Home / Features / The 15 things you need to do as soon as you get your Samsung Galaxy S6

The 15 things you need to do as soon as you get your Samsung Galaxy S6

If you're one of the lucky ones with an S6, here are 15 essential tips and tricks to make it even more awesome

Features, features, features. The Samsung Galaxy S6 has more features than you can count.

So many that when you first get your hands on the phone, the immediate reaction is to try to pretend they’re not there. However, do that and you’re missing out. There’s an awful lot you can do with the Galaxy S6, and very little of it is actually about useless gimmicks.

We’re here to show you how to get the very most out of the phone, including how to prune back those areas where Samsung goes a bit OTT. From unlocking those half-hidden secrets to customising the phone and even looking at a few free games you should check out, here’s how to start your new life with the Samsung Galaxy S6.

1. Teach the fingerprint scanner both thumbs and forefingers

1. Teach the fingerprint scanner both thumbs and forefingers

If you can get away with it, be 101% selfish with your Galaxy S6 fingerprint scanner. You can only teach it four fingerprints, and it works so much better if you can switch between using the thumb and forefinger of each hand. Let’s be honest, who really wants their mum/boyfriend/girlfriend using their phone anyway, right?

To teach the Galaxy S6 another finger/thumb, go to Settings then head into the Lock Screen and Security sub-menu. In here is a section dedicated to the fingerprint scanner. Unless you’ve already taught it four fingerprints you should see an option to add a new one. Unlike the Galaxy S5, you don’t have to swipe a finger over the Home button, which is where the scanner lives.

Instead, the teaching process just involves putting the finger on and off the button, at ever-so-slightly different angles and positions. As the phone will no-doubt remind you, the finger just needs to cover the whole scanner, otherwise it won’t work.

2. Switch the screen mode

2. Switch the screen mode

One of the great things about the Samsung Galaxy S6 is that it lets you choose what the screen looks like. Want super-charged colours? Fine, go right ahead. Want something more natural? That’s on offer too. Having used the Galaxy S6 for a while now, we think the phone’s Basic mode is by far the best.

You’ll find this in Settings > Display > Screen Mode, alongside the other screen modes like Adaptive Display and AMOLED Cinema. At first Basic will seem a bit glum and undersaturated because, well, it is compared with the other modes. However, bed into it and you’ll realise it’s by far the most natural.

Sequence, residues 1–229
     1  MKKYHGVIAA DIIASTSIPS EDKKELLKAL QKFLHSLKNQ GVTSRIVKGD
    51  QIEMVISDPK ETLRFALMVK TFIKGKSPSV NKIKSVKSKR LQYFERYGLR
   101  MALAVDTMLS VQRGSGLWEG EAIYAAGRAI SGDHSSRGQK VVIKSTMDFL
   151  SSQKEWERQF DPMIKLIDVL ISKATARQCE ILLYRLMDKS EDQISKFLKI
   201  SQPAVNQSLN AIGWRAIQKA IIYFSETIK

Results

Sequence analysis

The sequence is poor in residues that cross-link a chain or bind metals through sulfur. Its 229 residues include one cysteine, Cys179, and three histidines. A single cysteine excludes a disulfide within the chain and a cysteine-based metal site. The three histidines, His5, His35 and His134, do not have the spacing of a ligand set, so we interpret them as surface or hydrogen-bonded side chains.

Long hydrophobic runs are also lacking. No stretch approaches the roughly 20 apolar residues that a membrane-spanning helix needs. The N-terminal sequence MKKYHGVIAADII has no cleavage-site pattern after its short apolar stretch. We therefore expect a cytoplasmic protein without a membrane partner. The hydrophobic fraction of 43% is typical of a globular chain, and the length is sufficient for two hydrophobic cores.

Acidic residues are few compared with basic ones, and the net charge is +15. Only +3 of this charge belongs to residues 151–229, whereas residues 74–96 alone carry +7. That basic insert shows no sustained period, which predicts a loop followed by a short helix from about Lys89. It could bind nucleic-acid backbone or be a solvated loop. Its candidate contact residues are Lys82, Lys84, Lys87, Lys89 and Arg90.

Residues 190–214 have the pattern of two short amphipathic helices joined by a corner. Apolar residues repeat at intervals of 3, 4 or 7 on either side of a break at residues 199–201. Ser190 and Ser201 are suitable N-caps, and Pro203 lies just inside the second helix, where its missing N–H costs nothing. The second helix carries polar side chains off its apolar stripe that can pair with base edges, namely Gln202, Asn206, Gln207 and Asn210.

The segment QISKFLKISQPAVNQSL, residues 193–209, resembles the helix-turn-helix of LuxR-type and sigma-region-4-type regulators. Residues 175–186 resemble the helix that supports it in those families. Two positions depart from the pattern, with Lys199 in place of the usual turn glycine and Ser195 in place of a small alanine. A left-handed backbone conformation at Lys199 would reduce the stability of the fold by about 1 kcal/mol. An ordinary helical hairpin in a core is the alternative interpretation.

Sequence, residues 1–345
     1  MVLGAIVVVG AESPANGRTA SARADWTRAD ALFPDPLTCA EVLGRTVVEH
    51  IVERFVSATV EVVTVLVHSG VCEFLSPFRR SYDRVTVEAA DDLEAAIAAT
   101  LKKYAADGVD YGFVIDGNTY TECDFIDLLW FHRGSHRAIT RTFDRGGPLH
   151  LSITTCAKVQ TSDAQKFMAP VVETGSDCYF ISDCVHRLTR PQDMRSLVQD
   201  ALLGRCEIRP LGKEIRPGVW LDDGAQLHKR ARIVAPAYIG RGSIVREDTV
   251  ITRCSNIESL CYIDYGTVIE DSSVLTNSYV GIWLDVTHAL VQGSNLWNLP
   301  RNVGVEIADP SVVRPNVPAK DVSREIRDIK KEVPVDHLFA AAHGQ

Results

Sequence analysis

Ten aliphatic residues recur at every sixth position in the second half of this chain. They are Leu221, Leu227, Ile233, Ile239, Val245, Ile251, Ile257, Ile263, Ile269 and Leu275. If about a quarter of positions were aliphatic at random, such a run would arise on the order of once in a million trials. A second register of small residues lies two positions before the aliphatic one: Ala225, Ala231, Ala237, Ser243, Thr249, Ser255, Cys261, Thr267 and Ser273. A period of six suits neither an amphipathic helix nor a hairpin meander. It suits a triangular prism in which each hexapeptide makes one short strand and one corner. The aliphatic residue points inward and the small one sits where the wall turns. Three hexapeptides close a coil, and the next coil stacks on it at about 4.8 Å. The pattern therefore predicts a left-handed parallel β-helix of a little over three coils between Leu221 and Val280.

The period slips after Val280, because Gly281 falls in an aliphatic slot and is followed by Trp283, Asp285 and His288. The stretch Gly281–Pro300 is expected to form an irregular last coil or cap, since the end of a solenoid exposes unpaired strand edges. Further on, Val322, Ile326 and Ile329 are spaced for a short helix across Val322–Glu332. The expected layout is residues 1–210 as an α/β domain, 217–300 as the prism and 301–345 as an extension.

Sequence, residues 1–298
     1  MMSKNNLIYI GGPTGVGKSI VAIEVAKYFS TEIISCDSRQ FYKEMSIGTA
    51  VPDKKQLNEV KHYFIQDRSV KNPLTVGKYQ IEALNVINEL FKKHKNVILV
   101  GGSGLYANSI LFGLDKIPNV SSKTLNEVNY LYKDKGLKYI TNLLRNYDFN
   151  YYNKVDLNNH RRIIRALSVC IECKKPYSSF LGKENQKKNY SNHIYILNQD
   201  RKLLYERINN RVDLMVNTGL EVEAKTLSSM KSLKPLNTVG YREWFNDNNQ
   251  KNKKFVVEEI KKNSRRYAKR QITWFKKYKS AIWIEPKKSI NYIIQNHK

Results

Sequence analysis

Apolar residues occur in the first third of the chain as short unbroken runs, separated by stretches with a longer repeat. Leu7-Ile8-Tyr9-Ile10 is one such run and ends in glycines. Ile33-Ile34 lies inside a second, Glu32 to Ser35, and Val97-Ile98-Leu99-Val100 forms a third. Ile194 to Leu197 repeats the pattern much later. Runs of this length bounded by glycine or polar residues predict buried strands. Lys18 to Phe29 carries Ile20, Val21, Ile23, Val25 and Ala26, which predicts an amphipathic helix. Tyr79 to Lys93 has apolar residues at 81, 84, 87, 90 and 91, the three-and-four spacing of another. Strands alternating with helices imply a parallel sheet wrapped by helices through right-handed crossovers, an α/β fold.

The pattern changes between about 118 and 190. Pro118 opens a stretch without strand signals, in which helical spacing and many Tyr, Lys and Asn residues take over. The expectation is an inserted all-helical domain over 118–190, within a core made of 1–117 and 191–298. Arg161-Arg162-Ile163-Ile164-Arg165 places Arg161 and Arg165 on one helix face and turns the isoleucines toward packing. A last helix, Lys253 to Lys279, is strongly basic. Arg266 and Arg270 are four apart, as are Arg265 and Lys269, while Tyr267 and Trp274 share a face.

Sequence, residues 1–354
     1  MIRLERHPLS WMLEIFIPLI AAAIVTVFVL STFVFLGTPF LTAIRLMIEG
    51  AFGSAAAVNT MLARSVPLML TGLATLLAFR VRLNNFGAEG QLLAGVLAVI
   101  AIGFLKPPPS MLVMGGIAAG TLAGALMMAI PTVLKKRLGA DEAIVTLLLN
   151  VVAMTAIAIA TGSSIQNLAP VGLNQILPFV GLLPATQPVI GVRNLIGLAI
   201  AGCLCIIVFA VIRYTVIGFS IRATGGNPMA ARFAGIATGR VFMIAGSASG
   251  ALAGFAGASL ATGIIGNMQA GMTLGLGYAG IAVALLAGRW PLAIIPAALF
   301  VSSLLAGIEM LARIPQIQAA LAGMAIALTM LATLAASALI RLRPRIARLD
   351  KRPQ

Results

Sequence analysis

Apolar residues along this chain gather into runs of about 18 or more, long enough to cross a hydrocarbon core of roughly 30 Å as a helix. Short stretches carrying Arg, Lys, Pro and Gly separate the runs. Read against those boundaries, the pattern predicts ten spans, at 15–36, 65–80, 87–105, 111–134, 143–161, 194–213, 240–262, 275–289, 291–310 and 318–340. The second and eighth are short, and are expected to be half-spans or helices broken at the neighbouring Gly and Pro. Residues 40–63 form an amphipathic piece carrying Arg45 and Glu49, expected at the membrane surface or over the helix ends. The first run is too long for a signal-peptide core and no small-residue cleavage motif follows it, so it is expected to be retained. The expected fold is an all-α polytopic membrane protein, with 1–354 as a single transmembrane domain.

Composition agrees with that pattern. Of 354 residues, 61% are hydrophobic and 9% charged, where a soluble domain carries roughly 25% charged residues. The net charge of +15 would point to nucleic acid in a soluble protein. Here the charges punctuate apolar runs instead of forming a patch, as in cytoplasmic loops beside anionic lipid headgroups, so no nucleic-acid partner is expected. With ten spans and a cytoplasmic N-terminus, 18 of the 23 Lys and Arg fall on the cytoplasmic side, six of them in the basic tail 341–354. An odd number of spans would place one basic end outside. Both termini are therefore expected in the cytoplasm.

This doesn’t matter too much when you’re flicking through menus, but when watching movies people’s faces look far more realistic and photos won’t suddenly look as though they’ve been zapped by a desaturation ray as soon as you take them off the phone. You know it makes sense.

Which is better?Samsung Galaxy S6 v Apple iPhone 6

3. Customise your home screen dock, stat

3. Customise your home screen dock, stat

One of the most effective Galaxy S6 mods is almost painfully simple, but so often we put off doing it. Put your favourite apps in the home screen dock and the phone will instantly be about 30 per cent faster to use. You can fit four apps down there, the only one that can’t be removed being the dotty grid that takes you to the apps menu.

First, we need to make some space. Just hold a finger down on an app you want to ditch, then drag it up to the Remove spot at the top of the screen. If it’s not there, you didn’t press down on the icon long enough. Next, find the app you want to take its place in your apps menu, press down on it until the home screen view appears then drag it down to the icon dock.

Don’t feel the need to keep anything there. Why have the SMS app when you use Whatsapp 24/7? Why put the dialler there if you make one phone call every two months? Go wild.

You might like thisBest Samsung S6 and S6 Edge deals

4. Disable your bloatware

4. Disable your bloatware

Some people say the Galaxy S6 has too much Samsung rubbish installed on it. We think the situation is actually not as bad as it used to be, just because the interface is better. But if you want to bin the bloat, you can. And probably should.

The first step is to head to the apps menu, then press the Edit button in the very top-right corner. You should now see a whole bunch of minus signs, sitting on the icons of most of the apps. These are the apps you can uninstall or disable. Just tap on them to start the process.

You’ll also see, though, not every app can be disabled, including annoying ones like the Galaxy Apps app store. You can’t bin these, but you can basically hide them by piling the leftovers into a single folder. To do this, just drag one icon onto another when in Edit mode in the apps menu.

Read moreSamsung S6 Edge review

5. Switch on download booster